Measuring Kevin Akeroyd’s legacy at Cision

And what’s next for Cision after its CEO and chief visionary left.

Former Cision CEO Kevin Akeroyd
Former Cision CEO Kevin Akeroyd

Kevin Akeroyd, the former CEO of Cision, is a free agent.

After serving as CEO for three and a half years, Akeroyd told PRWeek that he’s taking some personal time off to spend with his family. He notified the board of his decision to leave Cision after the business was sold to private equity firm Platinum Equity.

“This had nothing to do with Cision’s performance or my outlook for the company,” Akeroyd said about his exit. “This is purely a personal decision.”

During his tenure, Akeroyd masterminded a market rollup that included a dozen companies. He helmed the first comms tech company to be publicly traded in the U.S. and introduced the market to a unified platform.

Akeroyd expressed satisfaction with Cision’s outlook, saying it has a “huge tech lead” and a “robust and diversified” platform.

“I left Cision in a fantastic place with a new home and new owner and a good position to continue to be strong,” he said.

Of course, Akeroyd’s tenure had its challenges. After debuting on the New York Stock Exchange, Cision’s stock hasn’t gained value. It had an opening price of $10 per share in mid-2017, but on its last day on the market, CISN closed at $9.99, despite broad gains for stocks across the board. 

Cision offered a compelling product, but organic revenue growth was mostly in the low- to mid-single-digits, but Akeroyd is bullish on its performance. “The organic growth rate continued to increase, year after year, quarter after quarter,” he said. “If you look at the public filings, you can see a slow, steady improvement of organic growth. Burton-Taylor said the industry grows at around 3%.”

And before Cision went public, Akeroyd said it grew at a lower rate than 3%.

“The fact Cision grew above-market in 2019, I took that as a statement towards the progress Cision was making,” he added.

Cision never hit the blockbuster hockey stick curve of growth. One reason could be PR’s slow adoption of technology. All clients are reluctant to switch workflow software regardless of vertical, but this dynamic is changing as PR agencies hire chief innovation officers and other change agents who are quick to axe old contracts. 

Cision is also competing in a market that is growing very quickly. 

But Akeroyd and the company had a vision: For the first time, PR pros would be able to do their jobs on a single platform and provide real attribution.

I remember the first time I heard it. It was October 2016, and Cision was introducing its unified platform. I did not know what a unified platform is and I thought “Cision” might be a typo. But by the time my conversation with Akeroyd was done, I didn’t know if his plan could be executed. I didn’t know if spending on communications technology would translate into bigger PR budgets and I was skeptical it could change the industry.

However, there’s something to be said about his ambition. As a veteran of Oracle Marketing Cloud, who was better positioned to execute on such a goal than Akeroyd?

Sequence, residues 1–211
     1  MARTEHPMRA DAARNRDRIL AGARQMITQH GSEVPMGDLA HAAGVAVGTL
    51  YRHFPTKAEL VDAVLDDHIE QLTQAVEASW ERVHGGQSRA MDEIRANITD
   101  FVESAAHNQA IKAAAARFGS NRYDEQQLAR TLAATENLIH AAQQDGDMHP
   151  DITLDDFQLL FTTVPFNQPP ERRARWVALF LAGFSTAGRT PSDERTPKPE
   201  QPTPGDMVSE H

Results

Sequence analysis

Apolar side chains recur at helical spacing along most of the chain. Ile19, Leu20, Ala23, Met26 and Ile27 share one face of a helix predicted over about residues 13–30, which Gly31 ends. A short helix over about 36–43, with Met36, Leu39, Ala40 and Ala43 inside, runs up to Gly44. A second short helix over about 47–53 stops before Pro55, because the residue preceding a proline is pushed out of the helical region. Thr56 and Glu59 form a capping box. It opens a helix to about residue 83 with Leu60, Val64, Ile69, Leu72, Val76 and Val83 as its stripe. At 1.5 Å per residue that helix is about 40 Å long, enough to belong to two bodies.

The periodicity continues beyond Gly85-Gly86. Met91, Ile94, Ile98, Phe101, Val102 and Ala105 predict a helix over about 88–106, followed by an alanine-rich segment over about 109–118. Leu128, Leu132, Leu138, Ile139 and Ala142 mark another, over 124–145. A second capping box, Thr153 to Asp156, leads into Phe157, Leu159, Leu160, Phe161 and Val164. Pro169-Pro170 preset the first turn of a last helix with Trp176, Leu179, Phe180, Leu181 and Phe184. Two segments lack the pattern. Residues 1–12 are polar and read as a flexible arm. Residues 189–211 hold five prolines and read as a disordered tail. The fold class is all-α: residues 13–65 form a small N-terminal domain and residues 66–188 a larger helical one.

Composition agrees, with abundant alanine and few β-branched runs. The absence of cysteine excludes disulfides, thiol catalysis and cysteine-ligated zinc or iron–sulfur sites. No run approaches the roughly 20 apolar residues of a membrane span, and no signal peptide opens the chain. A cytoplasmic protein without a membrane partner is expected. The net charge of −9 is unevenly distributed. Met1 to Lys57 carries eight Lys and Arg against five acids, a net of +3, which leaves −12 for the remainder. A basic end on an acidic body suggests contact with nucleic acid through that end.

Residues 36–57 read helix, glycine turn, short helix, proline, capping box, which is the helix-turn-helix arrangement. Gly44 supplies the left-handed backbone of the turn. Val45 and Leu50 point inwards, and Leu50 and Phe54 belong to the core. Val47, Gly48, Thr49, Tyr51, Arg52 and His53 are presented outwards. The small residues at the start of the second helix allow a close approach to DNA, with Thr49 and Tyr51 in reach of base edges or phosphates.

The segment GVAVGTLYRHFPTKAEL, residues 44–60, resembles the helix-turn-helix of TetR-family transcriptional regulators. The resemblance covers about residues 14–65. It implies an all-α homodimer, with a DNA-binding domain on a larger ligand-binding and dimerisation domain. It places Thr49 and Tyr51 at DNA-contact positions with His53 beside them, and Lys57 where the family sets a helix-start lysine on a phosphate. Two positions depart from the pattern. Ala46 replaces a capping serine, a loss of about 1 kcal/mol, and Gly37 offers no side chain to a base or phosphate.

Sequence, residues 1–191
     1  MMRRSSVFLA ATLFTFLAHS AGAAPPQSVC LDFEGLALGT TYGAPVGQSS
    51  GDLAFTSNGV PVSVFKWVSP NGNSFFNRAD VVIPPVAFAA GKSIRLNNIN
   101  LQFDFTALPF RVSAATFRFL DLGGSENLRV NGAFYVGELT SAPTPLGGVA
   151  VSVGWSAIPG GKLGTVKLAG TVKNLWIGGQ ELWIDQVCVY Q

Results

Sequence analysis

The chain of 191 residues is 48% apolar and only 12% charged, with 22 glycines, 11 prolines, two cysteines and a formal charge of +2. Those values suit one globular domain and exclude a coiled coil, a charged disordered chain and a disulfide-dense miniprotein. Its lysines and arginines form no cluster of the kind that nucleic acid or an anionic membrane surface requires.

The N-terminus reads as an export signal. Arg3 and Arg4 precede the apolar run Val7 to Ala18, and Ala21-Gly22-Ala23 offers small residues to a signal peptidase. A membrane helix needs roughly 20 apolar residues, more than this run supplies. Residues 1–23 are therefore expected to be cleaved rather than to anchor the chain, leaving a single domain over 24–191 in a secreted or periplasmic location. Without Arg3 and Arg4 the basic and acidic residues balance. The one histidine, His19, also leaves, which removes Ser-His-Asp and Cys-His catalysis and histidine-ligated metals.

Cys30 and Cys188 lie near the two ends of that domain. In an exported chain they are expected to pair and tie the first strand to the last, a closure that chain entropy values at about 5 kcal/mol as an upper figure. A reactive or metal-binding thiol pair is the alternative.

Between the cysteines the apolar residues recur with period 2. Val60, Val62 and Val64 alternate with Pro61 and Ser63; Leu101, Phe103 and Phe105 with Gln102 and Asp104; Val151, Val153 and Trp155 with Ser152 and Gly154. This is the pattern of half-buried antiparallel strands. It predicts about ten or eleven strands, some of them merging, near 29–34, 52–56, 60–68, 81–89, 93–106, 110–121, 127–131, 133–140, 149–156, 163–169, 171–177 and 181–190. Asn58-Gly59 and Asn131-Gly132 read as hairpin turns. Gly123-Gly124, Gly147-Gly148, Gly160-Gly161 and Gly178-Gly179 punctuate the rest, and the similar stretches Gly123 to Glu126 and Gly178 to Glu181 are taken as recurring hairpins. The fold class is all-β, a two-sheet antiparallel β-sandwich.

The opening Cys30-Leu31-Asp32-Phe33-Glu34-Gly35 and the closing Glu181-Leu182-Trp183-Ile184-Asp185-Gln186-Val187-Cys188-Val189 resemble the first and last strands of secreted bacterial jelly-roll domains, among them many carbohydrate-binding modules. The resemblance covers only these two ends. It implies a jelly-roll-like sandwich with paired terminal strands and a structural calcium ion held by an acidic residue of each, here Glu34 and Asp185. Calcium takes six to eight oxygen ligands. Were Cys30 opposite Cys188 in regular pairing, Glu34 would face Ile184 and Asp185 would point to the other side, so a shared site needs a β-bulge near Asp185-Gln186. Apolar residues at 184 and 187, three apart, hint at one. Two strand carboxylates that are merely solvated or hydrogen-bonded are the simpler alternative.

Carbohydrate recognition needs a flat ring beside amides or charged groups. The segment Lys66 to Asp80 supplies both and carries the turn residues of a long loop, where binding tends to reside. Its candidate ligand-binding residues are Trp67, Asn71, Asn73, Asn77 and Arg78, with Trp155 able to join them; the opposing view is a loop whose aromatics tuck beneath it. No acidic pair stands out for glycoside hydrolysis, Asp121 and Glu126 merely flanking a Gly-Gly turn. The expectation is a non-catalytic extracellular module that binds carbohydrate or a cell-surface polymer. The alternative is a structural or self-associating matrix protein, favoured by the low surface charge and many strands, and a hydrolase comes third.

Cision brought on a team of Akeroyd’s old colleagues. David Barker, Oracle VP of media and ad-tech sales, joined as chief data and research officer and oversaw the research and innovation center. He later became president. Jen Jones, director of industry product marketing at Oracle, joined Cision as VP of product marketing and was later named SVP of corporate marketing.

Both have moved on. Jones is CMO at Dataminr and Barker is CEO at StatSocial.

Cision has also stacked its leadership ranks with Trendkite executives, most notably naming former Trendkite CEO Erik Huddleston as president. It acquired the digital PR software company for $225 million. Former Trendkite CTO Chris Copeland became CTO at Cision and Trendkite global sales lead Kevin McKeown was named SVP of new business sales in the U.S. Prabhakar Gopalan is SVP of U.S. customer operations; he led customer and revenue operations at Trendkite.

The fact that Cision not only acquired Trendkite at an eye-popping revenue multiple of 8.8-times but repopulated some of its key roles with its Trendkiters speaks to how much faith Cision’s former owner, GTCR, placed in the upstart.

Whether the Trendkite team will remain is unknown. Cision promises to share more details about its structure in the near future as well as how it will integrate with the rest of Platinum’s portfolio. 

With Cision privately owned by Platinum and Akeroyd gone, it makes me think about an alternate universe in which Cision stayed private. What if GTCR sold the company to another company? What if Cision grew more slowly and had tighter control of its product development? In short, what if Cision had more time?

Or perhaps the outcome would’ve been the same.

“There’s all kinds of nuances in being public versus being private; there’s pros and cons,” Akeroyd said. “But the overall vision of the company wouldn’t have changed, [nor] the overall mission and overall need to bring a unified global comms tech platform to the market for the first time.”

If nothing else, Akeroyd made the PR industry think bigger.

Sean Czarnecki is editorial lead for Dashboard at PRWeek. Reach him at sean.czarnecki@prweek.com

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